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The Bourne Legacy – A high octane adventure that runs out of gas

The Bourne Legacy - Theater Review
Release Date: 08/10/2012 - MPAA Rating: PG-13
Clacker Rating: 3 Clacks

Jeremy Renner steps into Matt Damon's shoes in 'The Bourne Legacy,' a fast-paced action flick that leaves you with one question at the end: That's it?

Jeremy Renner in "The Bourne Legacy"

I enjoyed the Bourne Trilogy when those films first burst onto the scene as kind of a new, American type of James Bond character, more rough around the edges, and with a mysterious backstory (the first film debuted four years before Daniel Craig stepped into Bond’s tuxedo and Aston Martin), and each film actually developed the character of Jason Bourne, following his story to a logical conclusion with the third film. That film ended with us thinking Bourne was dead, but there was still always a chance that he’d come back. Except star Matt Damon was finished, so what’s a studio to do when it wants to keep a money-making franchise alive? Recast, reboot, or just carry on?

Luckily, Universal opted to carry on with The Bourne Legacy, which picks up pretty much where the last film left off (although Jason Bourne’s legacy was exposing the government program that created him, so the title is a little odd, but the film does deal with this aftermath as well, and having some familiarity with the original films is helpful), with several characters from the trilogy carried over here in much smaller roles, as they deal with an investigation into the program that was exposed by Bourne and Pam Landry (Joan Allen returns for a very brief cameo). The main focus now is Aaron Cross (Jeremy Renner), a “participant” in another program that was the next step from Treadstone that created chemically enhanced super soldiers, for lack of a better word. But as Bourne’s actions are on the brink of exposing the entire operation, the new participants are assassinated … except for Cross who keeps out-smarting and out-running them. He needs the “chems” the subjects were given to keep him from going crazy or dying, and he gets a scientists from the program, Marta Shearing (Rachel Weisz), to help him after she is nearly assassinated for knowing too much. They make their way to Manila, where the drugs are manufactured, but not being as stealthy as Cross, Shearing practically leads the government right to them. And we then learn there is another evolution of the program, one that seems to have been perfected, when an agent is dispatched to take out Cross and Shearing.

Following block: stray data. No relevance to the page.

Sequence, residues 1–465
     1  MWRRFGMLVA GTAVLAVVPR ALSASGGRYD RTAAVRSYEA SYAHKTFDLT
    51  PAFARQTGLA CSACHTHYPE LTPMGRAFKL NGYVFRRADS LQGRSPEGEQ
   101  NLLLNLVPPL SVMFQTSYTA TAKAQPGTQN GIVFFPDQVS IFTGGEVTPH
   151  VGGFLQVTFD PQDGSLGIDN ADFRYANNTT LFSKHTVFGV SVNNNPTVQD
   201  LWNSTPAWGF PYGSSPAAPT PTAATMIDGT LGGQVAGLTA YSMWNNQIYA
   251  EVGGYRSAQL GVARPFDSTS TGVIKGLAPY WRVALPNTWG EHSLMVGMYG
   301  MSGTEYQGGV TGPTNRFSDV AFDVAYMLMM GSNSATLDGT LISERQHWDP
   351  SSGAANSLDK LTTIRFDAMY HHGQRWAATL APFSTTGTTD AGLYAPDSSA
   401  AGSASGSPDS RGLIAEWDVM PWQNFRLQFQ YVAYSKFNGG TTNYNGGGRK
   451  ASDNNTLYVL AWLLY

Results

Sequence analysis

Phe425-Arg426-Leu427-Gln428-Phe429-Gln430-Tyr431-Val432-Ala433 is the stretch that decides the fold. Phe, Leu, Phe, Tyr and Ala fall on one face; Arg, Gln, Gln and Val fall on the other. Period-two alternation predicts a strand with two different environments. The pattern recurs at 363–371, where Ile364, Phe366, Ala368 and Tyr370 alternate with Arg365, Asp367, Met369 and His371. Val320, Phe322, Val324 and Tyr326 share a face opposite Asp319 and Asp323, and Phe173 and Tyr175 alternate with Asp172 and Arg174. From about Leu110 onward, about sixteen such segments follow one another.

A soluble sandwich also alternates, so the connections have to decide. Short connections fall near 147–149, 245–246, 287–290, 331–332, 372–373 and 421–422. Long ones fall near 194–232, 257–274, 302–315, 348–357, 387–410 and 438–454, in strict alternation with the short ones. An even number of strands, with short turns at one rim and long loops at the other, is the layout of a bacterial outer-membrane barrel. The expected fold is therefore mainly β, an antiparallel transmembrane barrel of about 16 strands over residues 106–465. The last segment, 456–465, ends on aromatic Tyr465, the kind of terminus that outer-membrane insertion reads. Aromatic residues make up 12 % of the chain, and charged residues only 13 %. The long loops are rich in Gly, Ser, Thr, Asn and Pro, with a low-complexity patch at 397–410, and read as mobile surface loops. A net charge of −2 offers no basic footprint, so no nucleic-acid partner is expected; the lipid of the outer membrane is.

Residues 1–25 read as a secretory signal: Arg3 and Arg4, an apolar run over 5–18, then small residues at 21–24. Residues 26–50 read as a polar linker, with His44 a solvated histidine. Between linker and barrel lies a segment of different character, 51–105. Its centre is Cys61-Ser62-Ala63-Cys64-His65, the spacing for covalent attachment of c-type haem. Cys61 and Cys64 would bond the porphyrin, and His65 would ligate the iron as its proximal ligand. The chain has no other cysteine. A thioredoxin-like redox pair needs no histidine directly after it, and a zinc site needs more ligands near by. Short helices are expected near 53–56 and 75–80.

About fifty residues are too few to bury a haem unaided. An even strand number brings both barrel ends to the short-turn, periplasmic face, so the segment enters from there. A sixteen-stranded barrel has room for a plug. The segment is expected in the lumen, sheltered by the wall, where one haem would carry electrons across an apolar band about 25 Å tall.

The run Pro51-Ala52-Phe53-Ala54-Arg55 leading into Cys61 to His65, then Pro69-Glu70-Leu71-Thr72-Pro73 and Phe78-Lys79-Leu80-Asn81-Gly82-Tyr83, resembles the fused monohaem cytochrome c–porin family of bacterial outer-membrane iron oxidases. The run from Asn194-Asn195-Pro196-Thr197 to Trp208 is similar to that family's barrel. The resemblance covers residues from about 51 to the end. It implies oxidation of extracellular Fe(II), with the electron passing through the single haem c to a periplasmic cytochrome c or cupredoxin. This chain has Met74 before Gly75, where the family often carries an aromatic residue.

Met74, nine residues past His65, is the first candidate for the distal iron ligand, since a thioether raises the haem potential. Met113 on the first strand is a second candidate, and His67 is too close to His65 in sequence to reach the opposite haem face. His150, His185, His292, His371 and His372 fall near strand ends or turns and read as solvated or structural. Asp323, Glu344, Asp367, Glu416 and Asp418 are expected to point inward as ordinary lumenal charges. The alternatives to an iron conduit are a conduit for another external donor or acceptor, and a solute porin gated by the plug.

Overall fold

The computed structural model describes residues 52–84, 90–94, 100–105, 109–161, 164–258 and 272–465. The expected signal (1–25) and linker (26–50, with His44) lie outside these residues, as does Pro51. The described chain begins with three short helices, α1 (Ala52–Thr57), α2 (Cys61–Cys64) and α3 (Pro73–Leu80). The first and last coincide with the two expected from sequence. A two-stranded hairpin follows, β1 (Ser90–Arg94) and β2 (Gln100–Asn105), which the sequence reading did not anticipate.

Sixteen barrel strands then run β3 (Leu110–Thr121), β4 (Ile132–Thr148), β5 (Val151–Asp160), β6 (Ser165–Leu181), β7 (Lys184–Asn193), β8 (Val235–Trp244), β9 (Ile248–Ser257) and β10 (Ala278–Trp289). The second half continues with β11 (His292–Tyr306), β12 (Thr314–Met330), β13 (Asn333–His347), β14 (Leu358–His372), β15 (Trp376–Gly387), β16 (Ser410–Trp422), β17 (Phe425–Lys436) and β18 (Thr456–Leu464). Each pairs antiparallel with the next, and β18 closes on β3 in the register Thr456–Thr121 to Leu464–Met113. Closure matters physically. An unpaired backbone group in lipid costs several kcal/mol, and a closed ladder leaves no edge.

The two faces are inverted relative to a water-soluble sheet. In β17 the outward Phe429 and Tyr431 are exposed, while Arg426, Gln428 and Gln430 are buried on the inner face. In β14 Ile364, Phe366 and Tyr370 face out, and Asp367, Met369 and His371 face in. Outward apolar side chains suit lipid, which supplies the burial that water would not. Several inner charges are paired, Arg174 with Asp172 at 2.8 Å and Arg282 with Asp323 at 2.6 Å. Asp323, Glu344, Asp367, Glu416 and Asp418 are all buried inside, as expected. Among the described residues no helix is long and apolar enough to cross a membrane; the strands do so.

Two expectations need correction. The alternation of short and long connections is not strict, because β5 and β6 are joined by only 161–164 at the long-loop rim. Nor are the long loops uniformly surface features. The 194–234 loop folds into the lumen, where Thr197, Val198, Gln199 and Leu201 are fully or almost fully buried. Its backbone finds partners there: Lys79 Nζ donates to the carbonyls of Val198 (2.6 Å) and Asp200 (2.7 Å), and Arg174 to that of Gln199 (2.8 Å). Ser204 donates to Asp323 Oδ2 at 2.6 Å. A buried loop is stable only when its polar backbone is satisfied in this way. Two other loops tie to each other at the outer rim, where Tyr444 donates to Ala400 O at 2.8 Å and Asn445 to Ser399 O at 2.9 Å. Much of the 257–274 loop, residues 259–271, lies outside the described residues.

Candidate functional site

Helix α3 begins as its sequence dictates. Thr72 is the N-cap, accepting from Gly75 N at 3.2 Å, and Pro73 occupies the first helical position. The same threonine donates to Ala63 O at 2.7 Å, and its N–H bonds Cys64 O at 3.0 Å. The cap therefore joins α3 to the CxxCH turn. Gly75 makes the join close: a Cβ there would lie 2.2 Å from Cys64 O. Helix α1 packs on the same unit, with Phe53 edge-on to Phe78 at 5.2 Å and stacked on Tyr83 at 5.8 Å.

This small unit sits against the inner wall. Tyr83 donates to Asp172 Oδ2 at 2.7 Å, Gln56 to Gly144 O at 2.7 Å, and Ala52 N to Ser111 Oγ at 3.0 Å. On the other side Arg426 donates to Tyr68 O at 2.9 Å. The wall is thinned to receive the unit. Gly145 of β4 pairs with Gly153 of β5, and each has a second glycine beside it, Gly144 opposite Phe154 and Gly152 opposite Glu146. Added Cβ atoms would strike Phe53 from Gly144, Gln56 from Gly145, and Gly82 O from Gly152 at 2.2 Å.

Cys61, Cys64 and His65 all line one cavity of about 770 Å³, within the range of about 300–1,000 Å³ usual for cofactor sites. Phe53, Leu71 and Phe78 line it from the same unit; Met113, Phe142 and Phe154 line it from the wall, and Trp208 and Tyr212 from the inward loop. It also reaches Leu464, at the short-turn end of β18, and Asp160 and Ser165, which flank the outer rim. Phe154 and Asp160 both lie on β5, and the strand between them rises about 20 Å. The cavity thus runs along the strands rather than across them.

Like I said, I really enjoyed the original trilogy and I really, really wanted to like The Bourne Legacy … and I did for the most part. I thought it had a great set up with Cross checking in at an outpost in Alaska, only to be nearly killed by a drone missile (the other guy wasn’t so lucky), and the calculated assassination of the scientific team that helped create the program. But, while these movies do require some suspension of belief, there were things here and there that I just didn’t buy, particularly Cross managing to track down Shearing at her secluded home just as government agents were about to kill her (but make it look like suicide). It was a great action sequence with a lot of tension, but it just was a little too convenient for my tastes. The whole film has great action sequences, but herein lies the biggest problem — the action trumps the story.